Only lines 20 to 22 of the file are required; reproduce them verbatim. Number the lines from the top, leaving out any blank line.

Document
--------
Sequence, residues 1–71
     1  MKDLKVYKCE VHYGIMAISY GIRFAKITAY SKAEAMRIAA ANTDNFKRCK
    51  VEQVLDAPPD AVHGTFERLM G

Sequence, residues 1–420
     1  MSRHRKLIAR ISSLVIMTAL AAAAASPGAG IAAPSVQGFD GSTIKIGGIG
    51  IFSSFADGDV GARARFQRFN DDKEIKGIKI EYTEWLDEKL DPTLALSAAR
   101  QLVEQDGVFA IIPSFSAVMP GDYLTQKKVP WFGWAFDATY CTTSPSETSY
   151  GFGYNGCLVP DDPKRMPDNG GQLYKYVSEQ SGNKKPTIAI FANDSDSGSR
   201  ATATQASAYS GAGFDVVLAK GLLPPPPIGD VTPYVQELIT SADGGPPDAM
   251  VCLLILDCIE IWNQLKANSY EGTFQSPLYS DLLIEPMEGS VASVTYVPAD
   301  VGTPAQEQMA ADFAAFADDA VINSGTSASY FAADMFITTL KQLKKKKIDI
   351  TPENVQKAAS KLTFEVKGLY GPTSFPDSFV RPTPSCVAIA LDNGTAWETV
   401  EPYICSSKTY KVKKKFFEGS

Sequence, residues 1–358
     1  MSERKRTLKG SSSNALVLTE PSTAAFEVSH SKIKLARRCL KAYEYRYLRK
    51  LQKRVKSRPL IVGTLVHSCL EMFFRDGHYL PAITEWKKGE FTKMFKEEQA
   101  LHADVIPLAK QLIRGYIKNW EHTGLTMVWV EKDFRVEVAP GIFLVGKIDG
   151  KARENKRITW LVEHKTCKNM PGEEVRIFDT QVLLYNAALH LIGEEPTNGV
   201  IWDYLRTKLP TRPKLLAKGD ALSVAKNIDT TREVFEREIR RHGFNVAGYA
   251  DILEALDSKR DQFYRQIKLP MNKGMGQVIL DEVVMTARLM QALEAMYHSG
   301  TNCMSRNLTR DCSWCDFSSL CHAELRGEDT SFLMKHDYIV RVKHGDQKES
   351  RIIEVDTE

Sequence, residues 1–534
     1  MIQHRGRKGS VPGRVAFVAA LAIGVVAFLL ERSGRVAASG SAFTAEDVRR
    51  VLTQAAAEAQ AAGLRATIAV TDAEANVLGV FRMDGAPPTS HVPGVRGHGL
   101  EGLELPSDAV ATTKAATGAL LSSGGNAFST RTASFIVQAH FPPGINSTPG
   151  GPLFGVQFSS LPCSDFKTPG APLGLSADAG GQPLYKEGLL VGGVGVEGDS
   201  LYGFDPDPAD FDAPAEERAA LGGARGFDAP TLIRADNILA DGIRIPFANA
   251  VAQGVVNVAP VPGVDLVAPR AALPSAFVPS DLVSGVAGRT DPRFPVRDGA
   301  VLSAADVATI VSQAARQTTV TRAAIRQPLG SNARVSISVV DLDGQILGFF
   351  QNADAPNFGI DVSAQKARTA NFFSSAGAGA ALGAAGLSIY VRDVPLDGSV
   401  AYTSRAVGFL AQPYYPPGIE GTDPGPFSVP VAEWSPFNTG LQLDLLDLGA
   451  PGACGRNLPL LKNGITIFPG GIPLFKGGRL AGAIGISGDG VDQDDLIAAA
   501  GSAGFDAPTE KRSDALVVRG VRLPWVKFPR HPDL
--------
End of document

   251  DILEALDSKR DQFYRQIKLP MNKGMGQVIL DEVVMTARLM QALEAMYHSG
   301  TNCMSRNLTR DCSWCDFSSL CHAELRGEDT SFLMKHDYIV RVKHGDQKES
   351  RIIEVDTE